Please join us in welcoming two nutrition champions from Kenya, Gladys Mugambi, and Esther Wamai-Kariuki, who will be visiting London this week to raise the profile for nutrition as an important maker and marker of development.

Gladys is the Head of Nutrition and Dietetics at the Ministry of Health, Government of Kenya. She has vast experience in setting up policies and programmes on micronutrient supplementation and fortification. She is also the focal point for the Scaling Up Nutrition (SUN) movement in Kenya, helping to mobilise resources for nutrition, strengthen partnerships, and raise accountability for nutrition investments.

Esther is a Senior Programme Officer at the Micronutrient Initiative, Kenya. Her main focus is maternal new-born health and nutrition and she provides technical assistance to the government and other stakeholders on these issues, with a focus on micronutrient interventions.

They bring with them a wealth of knowledge and experience to raise awareness of the urgent need to scale up investments for nutrition, particularly micronutrient interventions, to improve the health and development of women and children. They will also be able to discuss Kenya’s success as the only country on-course for five of the six World Health Assembly (WHA) 2025 targets on nutrition. Additionally, they will highlight the progress that still needs to be made, and the support that the global north can provide to help achieve this.

We have a busy week ahead for our advocates. They have meetings with parliamentarians to share their knowledge, passion and experience for nutrition with key decision-makers. They will also be attending a dinner hosted in Parliament with parliamentarians, diplomats, and nutrition experts on 2nd November. Micronutrient Initiative President and CEO Joel Spicer, who delivered this month’s conference call and discussed cost-effective interventions to improve equitable nutrition outcomes, will also be meeting the advocates over the week.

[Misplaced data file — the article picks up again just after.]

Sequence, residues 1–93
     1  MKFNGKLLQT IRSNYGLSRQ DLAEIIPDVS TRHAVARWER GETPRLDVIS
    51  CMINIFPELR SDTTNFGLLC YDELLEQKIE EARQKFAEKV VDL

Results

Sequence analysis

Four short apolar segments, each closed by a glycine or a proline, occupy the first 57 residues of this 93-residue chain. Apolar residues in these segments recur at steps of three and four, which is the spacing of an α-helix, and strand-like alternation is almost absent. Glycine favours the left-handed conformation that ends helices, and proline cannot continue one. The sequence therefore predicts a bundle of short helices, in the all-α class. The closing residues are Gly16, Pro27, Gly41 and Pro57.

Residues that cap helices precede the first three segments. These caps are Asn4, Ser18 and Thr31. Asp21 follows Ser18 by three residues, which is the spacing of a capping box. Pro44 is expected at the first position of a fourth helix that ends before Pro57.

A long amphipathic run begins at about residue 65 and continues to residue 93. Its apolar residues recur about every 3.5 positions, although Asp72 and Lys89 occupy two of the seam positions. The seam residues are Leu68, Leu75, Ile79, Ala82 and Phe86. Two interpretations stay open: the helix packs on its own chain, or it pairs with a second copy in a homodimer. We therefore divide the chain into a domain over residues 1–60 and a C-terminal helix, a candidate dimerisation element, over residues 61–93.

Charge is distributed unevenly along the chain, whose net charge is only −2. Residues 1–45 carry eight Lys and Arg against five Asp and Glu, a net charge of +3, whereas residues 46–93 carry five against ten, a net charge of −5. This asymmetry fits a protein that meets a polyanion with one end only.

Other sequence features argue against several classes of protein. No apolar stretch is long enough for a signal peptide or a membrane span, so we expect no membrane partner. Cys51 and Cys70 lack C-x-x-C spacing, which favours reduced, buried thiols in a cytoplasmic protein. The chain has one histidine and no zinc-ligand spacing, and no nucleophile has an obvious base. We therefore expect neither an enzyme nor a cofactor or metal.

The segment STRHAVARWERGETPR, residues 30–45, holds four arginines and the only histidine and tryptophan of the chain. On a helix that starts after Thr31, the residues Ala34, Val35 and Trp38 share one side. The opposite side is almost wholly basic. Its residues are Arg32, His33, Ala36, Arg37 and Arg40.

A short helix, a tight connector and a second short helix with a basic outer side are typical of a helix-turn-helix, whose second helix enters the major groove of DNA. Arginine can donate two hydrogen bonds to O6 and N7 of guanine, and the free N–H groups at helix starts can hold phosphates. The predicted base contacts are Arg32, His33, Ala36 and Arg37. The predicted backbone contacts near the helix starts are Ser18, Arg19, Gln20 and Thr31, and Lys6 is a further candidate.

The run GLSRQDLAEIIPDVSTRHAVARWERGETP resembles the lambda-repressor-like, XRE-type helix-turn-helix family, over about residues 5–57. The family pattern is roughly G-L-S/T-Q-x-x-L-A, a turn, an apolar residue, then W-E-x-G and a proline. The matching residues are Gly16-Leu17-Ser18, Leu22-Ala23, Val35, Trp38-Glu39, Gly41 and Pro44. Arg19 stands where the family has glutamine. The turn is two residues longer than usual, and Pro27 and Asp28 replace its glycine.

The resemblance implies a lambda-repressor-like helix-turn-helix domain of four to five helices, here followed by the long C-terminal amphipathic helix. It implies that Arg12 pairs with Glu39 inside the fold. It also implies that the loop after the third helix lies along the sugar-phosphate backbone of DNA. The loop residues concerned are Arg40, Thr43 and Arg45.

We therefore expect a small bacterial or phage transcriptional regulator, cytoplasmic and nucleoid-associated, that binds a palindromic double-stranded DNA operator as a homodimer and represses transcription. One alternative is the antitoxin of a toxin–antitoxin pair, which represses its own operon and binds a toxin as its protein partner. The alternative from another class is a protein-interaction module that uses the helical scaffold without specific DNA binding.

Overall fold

A highlight of the week will undoubtedly be the launch of a report jointly developed by RESULTS, Concern Worldwide, and the University of Westminster, “What works for nutrition? Stories of success from Vietnam, Uganda, and Kenya”, on 4th November in Parliament. This report discusses the key drivers of nutrition progress in these three countries, and makes recommendations to other countries facing high burdens of multiple forms of malnutrition, and to stakeholders on how they should contribute to tackling malnutrition.

Excitingly, Esther and Gladys will be on the monthly conference call on Tuesday and will be able to meet in person members of the London group! They will also be meeting students at the University of Westminster on 6th November to encourage budding public health professionals!

Their visit is timely indeed, ahead of the UK government revising its position paper that will guide its priorities for nutrition over the next five years and in the run up to the second Nutrition for Growth Summit in Rio. Their voices will amplify ours in asking global leaders including the UK government to make Sensitive, Measurable, Assignable, Realistic, and Time bound (SMART) new commitments in Rio, thus pushing forward further progress towards the WHA targets to reduce global malnutrition.